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June 16, References. This article was co-authored by our trained team of editors and researchers who validated it for accuracy and comprehensiveness. There are 23 references cited in this article, which can be found at the bottom of the page. This article has been viewed 7, times. Learn more Kids sometimes have trouble paying attention to their parents, teachers, and other adults. However, that can be really frustrating when you need them to listen to you.
Learn why people trust wikiHow. Explore this Article methods. Tips and Warnings. Related Articles. Article Summary. Method 1 of Use the child's name when you're talking to them. Just like you want children to give you their full attention, kids want to know that they have yours, too. Talk to your child the way you want them to talk to you. Use a playful tone and repetition when you talk to a small child.
Try sticking to simple, direct messages that you can easily repeat, and make your tone pleasant and playful whenever possible. It wishes it had a little foot to play with! Can you put your foot right here to make the shoe feel better?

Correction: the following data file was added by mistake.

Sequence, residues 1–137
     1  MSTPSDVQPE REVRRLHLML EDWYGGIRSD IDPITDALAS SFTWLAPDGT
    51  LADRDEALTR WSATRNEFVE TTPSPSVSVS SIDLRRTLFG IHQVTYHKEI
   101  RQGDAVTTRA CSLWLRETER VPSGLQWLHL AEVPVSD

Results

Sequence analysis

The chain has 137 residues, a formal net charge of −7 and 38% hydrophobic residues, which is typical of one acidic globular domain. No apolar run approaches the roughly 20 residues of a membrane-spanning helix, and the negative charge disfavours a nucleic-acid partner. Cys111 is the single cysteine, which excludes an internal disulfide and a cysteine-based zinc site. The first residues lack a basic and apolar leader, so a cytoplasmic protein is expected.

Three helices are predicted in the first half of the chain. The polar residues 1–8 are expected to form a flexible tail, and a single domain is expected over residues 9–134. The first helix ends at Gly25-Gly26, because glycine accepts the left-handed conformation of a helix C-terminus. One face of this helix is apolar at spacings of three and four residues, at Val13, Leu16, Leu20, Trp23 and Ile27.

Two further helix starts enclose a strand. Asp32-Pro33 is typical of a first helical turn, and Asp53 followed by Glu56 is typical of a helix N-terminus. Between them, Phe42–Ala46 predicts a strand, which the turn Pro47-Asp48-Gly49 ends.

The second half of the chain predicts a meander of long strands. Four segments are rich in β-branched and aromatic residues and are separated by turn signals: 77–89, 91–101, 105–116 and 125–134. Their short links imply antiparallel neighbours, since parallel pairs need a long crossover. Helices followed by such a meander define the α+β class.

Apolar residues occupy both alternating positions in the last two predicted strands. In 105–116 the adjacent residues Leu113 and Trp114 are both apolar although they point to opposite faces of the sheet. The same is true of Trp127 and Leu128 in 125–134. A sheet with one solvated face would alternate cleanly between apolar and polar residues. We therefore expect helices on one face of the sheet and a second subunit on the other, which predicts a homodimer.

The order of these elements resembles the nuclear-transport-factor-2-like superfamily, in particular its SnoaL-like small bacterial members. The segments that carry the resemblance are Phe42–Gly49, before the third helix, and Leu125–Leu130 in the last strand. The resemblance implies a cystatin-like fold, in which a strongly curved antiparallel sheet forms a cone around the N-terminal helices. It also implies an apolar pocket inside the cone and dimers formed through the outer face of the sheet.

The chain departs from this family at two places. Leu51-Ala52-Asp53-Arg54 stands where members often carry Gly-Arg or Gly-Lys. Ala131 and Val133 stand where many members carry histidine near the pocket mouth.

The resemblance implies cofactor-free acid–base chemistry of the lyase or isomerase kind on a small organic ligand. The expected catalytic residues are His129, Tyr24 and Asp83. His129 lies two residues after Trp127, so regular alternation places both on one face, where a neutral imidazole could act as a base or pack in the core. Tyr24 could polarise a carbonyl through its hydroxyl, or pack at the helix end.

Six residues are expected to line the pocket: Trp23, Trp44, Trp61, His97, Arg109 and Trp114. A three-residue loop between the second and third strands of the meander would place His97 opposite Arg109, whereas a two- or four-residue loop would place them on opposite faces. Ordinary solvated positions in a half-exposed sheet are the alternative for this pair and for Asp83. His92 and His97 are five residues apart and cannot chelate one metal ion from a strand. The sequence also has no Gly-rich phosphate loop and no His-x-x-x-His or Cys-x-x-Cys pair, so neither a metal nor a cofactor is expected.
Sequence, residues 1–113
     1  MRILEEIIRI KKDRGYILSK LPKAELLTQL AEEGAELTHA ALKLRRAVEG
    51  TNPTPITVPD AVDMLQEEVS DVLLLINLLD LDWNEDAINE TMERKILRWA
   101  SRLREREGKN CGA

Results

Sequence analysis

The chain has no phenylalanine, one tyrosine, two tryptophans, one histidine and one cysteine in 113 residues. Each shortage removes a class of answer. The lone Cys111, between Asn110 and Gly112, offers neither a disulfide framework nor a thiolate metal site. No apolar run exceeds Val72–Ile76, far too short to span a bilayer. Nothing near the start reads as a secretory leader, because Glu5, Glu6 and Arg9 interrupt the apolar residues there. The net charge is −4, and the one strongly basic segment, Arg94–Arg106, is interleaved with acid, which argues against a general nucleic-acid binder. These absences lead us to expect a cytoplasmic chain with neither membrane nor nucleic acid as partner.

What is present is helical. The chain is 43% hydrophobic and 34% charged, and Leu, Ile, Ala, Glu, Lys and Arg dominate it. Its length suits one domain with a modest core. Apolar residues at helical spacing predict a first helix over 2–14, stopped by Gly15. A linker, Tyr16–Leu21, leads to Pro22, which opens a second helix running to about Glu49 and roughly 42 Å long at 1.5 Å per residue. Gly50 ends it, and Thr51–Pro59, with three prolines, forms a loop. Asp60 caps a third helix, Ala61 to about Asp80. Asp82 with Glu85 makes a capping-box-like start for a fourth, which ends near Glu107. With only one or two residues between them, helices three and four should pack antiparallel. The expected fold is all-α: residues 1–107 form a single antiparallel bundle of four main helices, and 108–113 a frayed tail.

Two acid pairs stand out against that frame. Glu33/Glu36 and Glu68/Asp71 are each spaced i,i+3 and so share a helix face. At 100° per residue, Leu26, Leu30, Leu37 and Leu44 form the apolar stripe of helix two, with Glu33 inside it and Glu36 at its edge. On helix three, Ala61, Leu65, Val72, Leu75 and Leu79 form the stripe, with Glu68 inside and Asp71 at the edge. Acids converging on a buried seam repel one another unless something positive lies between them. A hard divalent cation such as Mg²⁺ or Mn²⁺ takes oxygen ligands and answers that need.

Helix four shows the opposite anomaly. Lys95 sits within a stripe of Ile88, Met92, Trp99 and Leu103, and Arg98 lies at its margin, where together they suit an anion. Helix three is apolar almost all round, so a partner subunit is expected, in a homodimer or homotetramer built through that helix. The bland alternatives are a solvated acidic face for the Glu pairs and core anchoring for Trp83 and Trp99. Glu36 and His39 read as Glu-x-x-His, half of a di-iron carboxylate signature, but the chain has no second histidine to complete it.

Try to use positive language whenever possible. Practice active listening to encourage a child to talk more. Just as showing kindness will encourage your child to be more kind, the best way to help your child learn to be a good listener is for you to model that behavior.
Then what happened? I remember you said you were feeling nervous about that. I bet you felt really proud of yourself when you got finished! Stick to simple, one-step instructions, especially for younger children. Even for older kids, it can be overwhelming to get too much information all at once.